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Classroom Q&A

With Larry Ferlazzo

In this EdWeek blog, an experiment in knowledge-gathering, Ferlazzo will address readers’ questions on classroom management, ELL instruction, lesson planning, and other issues facing teachers. Send your questions to lferlazzo@epe.org. Read more from this blog.

Teaching Opinion

The ‘Colorblindness’ of Schools Has ‘Failed Children of Color’

By Larry Ferlazzo — September 07, 2019 11 min read
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(This the first post in a special six-part series.)

The new question-of-the-week is:

What are the best ways to respond to educators who say they “don’t see color” when they teach?

NOTE: Racism is obviously a huge problem in our country and in our schools. Unfortunately, one of the many ways it manifests itself is when teachers say they “don’t see race” or they “don’t see color” and when our school instituations exhibit the very same attitude.

Many responses to this question will be published here over the next 10 months.To start us off, Shannon R. Waite, Ed.D., a clinical assistant professor in the Educational Leadership, Administration, and Policy division in the Graduate School of Education at Fordham University, will be guest-hosting and editing several posts over the next 10 days. You can read her introduction to the series here.

Her first two posts will share responses focusing on “the historical context and a discussion of the educational impact colorblindness has had on groups who have been ‘othered.’ ”

Today’s responses are written by Judd Rothstein and Terri N. Watson, Ph.D.

You can listen to a 10-minute conversation I had with Shannon, Terri, and Chris Emdin on this topic and listen to previous episodes of the show here. You might also be interested in previous posts that have appeared here on Race & Gender Challenges.

Response From Judd Rothstein

Judd Rothstein began his teaching career as a social studies teacher in Rye, N.Y. He is currently serving as the assistant principal of Pelham Memorial High School and pursuing an Ed.D. in educational leadership at Fordham University:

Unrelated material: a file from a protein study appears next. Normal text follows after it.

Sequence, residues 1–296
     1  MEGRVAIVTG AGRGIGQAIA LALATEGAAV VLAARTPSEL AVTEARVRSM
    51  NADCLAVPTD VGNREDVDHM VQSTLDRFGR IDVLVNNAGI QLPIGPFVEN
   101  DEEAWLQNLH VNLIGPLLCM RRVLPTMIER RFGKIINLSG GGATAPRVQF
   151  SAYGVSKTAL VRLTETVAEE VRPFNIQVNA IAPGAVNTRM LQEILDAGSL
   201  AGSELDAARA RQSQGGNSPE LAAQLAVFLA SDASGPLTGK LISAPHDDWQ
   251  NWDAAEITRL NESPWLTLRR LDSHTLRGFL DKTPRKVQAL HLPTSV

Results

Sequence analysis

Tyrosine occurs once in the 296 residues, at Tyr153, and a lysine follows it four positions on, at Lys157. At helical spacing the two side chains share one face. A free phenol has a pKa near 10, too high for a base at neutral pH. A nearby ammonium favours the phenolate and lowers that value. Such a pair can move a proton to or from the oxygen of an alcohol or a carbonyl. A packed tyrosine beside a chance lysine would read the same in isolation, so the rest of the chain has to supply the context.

An Alternative Perspective on Colorblindness

“For the most part, we all existed in harmony, but there were a few key moments in which I learned that harmony—the absence of outright conflict—often leaves deeper complications untouched.”

- Austin Channing Brown

I equate teachers who insist that they “don’t see color” to photographers who simply point their camera at an object, look through the viewfinder, and click the button. It’s not necessarily that the teachers are consciously doing their students a disservice, but their declaration, which is myopic at best and deleterious at worst, precludes true and authentic teaching and learning. Similarly, the photographers may believe that they are capturing an image in its true form and essence and rendering it indelible, but they fail to recognize their limiting and simplistic action.

Photographers have so many different options at their fingertips. They could decide to change the lens in order to capture a minute detail or to frame a much wider perspective. They could adjust their filters to bring out different colors and accentuate particular details and aspects of the object. They could alter the aperture, thus determining what remains in focus and what becomes blurry. All of these different choices provide tools to improve the viewing experience and enrich the potential of the photograph.